Being able to adapt quickly and get creative helped small businesses through pandemic

It’s Morning Edition on KRPS; I’m Fred Fletcher-Fierro. It’s often said that small businesses are the backbone of the US economy. According to the latest data from the Chamber of Commerce, there are about 31 million small businesses in the United States. Prior to the pandemic, running a was difficult, but this past year for many has made it even more of a challenge.

Stephanie Garland of the BBB

On Tuesday, I spoke with Stephanie Garland of the Better Business Bureau, which highlights the impactful ways that small businesses bring communities together. “So, small businesses, a lot of them have faced a crazy amount of challenges. So a lot of people who have been transitioning from them suddenly have their kids home with them. You know many schools have said that it really isn’t safe for us to be in session. But as doors are slowly swinging back open for business, we want to highlight local business owners, and we are hailing them as heroes for surviving this unprecedented time.”

According to research from Facebook and Small Business Roundtable, nearly one-quarter of all the small and medium-sized businesses in the US closed between February and May of last year. That’s between 8 and 9 million businesses. During that time, Stephanie says that small businesses have had to adapt and get creative to continue to find ways to stay in business. “So they’ve done a really great job, many of them through acts of kindness. They are going above and beyond, finding creative ways to still serve consumers and to keep their staff employed, and to keep in business. So what we recommend this Small Business Week is to showcase local pride. So go to small businesses, shop local. If you feel comfortable going in person, this is something that you can do. If you’re still not comfortable doing that, perhaps see if they have a pick-up, or you can just stand curbside and shop from there.”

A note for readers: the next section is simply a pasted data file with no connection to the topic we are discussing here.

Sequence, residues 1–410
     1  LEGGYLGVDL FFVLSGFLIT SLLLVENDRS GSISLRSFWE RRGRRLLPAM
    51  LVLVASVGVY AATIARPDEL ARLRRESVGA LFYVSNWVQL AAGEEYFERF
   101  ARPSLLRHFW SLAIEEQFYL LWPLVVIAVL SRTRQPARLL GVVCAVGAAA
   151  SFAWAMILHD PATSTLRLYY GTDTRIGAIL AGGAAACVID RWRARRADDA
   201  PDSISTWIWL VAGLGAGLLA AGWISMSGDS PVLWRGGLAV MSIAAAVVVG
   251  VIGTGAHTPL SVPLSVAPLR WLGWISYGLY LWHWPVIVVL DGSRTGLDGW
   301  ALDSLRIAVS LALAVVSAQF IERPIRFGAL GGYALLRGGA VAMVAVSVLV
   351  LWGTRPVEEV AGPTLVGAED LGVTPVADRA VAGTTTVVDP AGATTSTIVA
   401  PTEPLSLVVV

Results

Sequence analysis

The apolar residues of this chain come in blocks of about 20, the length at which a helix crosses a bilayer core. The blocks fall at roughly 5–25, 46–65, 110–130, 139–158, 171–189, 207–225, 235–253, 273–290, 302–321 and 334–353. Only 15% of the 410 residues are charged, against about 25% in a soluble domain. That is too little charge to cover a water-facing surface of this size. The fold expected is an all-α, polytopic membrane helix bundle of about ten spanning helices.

This time of year in the Four States, there are numerous Farmer’s Markets open for business. According to Stephanie, these markets are a great way to meet and grow more familiar with small businesses, what they offer, and your neighbors who run them. And if you’ve never been to a Farmer’s Market, they offer much more than produce. “So Better Business Bureau does accredit different businesses such as farmers, and grocery stores and florists. So this is something that you can look at at and right when you’re at the Farmers Market, you can look for that accredited business seal and see if it’s accredited with us.”

Also, new polling from the BBB shows that 67% of consumers are more likely to shop locally than before the pandemic. Potential customers also showed a higher level of trust when working with a local business; in addition, Stephanie says to showing more concern for customers safety and more quickly adapting to customers needs and expectations. “You know what, we recommend also being open to new ideas. So many small business owners have transitioned to different kinds of online sales, and they’ve found other ways to adapt. So if you don’t have time out and about, this is something that you can do, this week. You can choose to make those buying purchases decisions that perhaps you’d make at big box stores. You can shop locally here in Joplin, Webb City, El Dorado, and the surrounding communities.”

Stephanie Garland of the Better Business Bureau speaking about Small Business Week.

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